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Prosthetic Joint Infectious Arthritis

By

Steven Schmitt

, MD, Cleveland Clinic Lerner College of Medicine at Case Western Reserve University

Last full review/revision Sep 2020| Content last modified Sep 2020
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Prosthetic joints are at risk of acute and chronic infection, which can cause sepsis, morbidity, or mortality. Patients often have a history of a recent fall. Symptoms include joint pain, swelling, and limited motion. Diagnosis is based on various criteria. Treatment is prolonged antibiotic therapy and usually arthrotomy.

Etiology

Infections are more common in prosthetic joints than in natural joints. They are frequently caused by perioperative inoculations of bacteria into the joint or by postoperative bacteremia resulting from skin infection, pneumonia, dental procedures, invasive instrumentation, urinary tract infection, or possibly falls.

Joint infections develop within 1 year of surgery in two thirds of cases. During the first few months after surgery, the causes are Staphylococcus aureus in 50% of cases, mixed flora in 35%, gram-negative organisms in 10%, and anaerobes in 5%. Propionibacterium acnes is especially common in infected prosthetic shoulder joints and may require prolonged culture (up to 2 weeks) to detect. Candida spp infect prosthetic joints in < 5% of cases.

Symptoms and Signs

There is a history of a fall within 2 weeks of symptom onset in about 25% of patients and of prior surgical revisions in about 20%.

Some patients have had a postoperative wound infection that appeared to resolve, satisfactory postoperative recovery for many months, and then development of persistent joint pain at rest and during weight bearing.

Symptoms and signs of prosthetic joint infectious arthritis may include pain, swelling, and limited motion; temperature may be normal.

Diagnosis

  • Clinical, microbiologic, pathologic, and imaging criteria

The diagnosis of infection in a prosthetic joint often requires a combination of clinical, microbiologic, pathologic, and imaging criteria. Communication between a sinus tract and the prosthesis may also be considered diagnostic of infection.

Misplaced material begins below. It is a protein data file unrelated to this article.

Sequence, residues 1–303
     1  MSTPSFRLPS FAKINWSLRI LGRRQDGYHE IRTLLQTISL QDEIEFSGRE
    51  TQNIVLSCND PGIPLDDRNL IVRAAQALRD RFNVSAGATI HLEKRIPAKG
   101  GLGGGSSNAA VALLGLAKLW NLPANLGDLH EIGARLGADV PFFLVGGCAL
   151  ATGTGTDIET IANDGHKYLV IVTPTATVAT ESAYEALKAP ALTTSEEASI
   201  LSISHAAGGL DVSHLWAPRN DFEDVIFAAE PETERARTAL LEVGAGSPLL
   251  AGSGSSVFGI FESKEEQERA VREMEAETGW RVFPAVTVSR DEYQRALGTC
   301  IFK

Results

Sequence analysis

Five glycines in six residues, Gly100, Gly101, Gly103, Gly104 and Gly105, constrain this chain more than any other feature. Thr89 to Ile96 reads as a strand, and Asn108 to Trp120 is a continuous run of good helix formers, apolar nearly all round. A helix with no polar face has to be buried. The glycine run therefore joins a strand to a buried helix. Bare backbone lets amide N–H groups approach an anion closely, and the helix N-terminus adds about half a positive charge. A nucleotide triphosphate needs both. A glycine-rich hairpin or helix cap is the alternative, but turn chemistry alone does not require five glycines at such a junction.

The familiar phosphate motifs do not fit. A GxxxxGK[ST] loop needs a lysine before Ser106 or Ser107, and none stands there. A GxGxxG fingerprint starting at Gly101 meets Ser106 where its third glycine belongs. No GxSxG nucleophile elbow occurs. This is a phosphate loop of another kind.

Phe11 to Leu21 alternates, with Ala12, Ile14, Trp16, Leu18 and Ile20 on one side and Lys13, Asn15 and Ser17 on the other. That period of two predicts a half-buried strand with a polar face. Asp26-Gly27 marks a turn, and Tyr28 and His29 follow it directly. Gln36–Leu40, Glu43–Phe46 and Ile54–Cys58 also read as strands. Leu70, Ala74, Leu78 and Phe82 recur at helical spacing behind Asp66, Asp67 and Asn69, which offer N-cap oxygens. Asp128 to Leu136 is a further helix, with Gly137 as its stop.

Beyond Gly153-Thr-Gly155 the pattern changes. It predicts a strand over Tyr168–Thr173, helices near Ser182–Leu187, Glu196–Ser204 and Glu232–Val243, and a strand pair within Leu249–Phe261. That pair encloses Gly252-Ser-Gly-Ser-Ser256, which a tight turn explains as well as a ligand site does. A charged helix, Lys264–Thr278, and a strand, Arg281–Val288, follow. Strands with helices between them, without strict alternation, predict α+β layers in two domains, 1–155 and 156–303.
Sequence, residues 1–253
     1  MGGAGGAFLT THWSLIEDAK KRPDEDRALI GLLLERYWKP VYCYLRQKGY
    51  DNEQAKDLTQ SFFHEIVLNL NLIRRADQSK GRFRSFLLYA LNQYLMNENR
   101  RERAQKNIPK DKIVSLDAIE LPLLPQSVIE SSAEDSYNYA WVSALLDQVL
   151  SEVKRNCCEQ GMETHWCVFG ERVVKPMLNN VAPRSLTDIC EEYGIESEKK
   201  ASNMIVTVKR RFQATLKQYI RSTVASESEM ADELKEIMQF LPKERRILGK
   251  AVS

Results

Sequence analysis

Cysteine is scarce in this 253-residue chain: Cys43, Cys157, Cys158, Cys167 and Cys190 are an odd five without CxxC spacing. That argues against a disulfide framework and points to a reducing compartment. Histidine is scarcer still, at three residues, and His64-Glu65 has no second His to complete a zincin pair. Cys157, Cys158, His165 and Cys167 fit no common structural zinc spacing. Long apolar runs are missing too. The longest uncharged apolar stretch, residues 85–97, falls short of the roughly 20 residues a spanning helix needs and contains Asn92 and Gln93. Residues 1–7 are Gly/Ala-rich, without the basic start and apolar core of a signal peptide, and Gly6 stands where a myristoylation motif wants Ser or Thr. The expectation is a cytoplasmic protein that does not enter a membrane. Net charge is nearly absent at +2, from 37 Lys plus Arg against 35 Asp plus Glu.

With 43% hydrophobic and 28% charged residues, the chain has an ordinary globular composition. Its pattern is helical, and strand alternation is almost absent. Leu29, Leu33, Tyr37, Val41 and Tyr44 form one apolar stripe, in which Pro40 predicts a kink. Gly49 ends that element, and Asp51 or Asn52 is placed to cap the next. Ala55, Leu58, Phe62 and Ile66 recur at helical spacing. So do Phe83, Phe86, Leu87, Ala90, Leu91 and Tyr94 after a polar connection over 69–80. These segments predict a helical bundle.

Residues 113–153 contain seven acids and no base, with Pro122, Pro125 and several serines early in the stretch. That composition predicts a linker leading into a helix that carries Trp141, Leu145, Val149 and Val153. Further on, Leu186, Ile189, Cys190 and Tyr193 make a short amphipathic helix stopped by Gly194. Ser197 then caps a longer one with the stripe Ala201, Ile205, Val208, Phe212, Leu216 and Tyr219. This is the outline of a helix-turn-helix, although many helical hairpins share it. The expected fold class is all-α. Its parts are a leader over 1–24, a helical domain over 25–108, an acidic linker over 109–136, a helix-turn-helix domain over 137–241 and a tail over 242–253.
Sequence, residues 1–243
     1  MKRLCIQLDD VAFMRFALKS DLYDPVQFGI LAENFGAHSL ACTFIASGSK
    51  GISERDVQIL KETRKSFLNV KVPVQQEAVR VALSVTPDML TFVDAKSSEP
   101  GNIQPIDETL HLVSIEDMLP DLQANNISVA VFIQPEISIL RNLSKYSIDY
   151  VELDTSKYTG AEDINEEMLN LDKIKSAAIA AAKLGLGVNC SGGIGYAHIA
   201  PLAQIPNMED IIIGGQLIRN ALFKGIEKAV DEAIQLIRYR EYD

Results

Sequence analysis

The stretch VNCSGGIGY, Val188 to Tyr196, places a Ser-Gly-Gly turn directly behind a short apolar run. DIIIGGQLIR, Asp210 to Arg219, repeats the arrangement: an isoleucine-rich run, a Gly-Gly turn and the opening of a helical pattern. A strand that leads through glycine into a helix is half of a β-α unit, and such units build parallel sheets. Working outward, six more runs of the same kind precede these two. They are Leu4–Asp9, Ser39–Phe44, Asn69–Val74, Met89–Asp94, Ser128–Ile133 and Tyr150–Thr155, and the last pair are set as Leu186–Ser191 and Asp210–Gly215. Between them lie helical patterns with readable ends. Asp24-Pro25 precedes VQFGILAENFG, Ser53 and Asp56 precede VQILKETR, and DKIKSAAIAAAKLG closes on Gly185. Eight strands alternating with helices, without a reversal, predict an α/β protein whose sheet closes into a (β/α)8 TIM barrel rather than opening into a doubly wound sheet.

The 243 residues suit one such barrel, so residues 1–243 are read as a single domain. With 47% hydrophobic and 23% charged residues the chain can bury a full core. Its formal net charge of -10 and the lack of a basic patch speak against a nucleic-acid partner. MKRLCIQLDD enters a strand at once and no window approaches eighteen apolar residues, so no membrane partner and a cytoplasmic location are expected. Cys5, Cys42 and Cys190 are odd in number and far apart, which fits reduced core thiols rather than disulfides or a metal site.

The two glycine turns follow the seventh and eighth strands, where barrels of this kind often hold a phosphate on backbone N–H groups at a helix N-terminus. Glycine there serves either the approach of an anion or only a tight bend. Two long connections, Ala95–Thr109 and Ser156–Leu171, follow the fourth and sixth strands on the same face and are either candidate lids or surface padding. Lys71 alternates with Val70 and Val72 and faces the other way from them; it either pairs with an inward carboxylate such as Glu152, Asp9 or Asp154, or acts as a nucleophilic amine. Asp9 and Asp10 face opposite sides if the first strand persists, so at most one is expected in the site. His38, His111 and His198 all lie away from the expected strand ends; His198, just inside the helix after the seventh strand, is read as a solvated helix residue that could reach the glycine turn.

Synovial fluid should be sampled for cell count and culture. X-rays may show loosening of the prosthesis or periosteal reaction but are not diagnostic. Technetium-99m bone scanning and indium-labeled white blood cell scanning are more sensitive than plain x-rays but lack specificity in the immediate postoperative period. Ultimately, periprosthetic tissue collected at the time of surgery may be sent for culture and histologic analysis.

Treatment

  • Arthrotomy with debridement

  • Long-term systemic antibiotic therapy

Treatment of prosthetic joint infection must be prolonged and usually involves arthrotomy for prosthesis removal with meticulous debridement of all cement, abscesses, and devitalized tissues. Debridement is followed by immediate prosthesis revision or placement of an antibiotic-impregnated spacer and then delayed (2 to 4 months) implantation of a new prosthesis using antibiotic-impregnated cement.

Long-term systemic antibiotic therapy is used in either case; empiric therapy is initiated after intraoperative culture is done and usually combines coverage for methicillin-resistant gram-positive organisms (eg, vancomycin 1 g IV every 12 hours) and aerobic gram-negative organisms (eg, piperacillin/tazobactam 3.375 g IV every 6 hours or ceftazidime 2 g IV every 8 hours) and is revised based on results of culture and sensitivity testing.

Infection develops in 38% of replacement prostheses, whether replaced immediately or after delay.

If patients cannot tolerate surgery, long-term antibiotic therapy alone can be tried. Excision arthroplasty with or without fusion usually is reserved for patients with uncontrolled infection and insufficient bone stock.

Prevention

In the absence of other indications (eg, valvular heart disease), whether patients with prosthetic joints need prophylactic antibiotics before procedures such as dental work and urologic instrumentation is currently unresolved. See guidelines from the American Academy of Orthopaedic Surgeons (AAOS) and the American Dental Association (ADA) for the prevention of orthopedic implant infection in patients undergoing dental procedures.

At many centers, patients are screened for S. aureus colonization using nasal cultures. Carriers are decolonized with mupirocin ointment before surgery to implant a prosthetic joint.

More Information

The following English-language resources may be useful. Please note that THE MANUAL is not responsible for the content of these resources.

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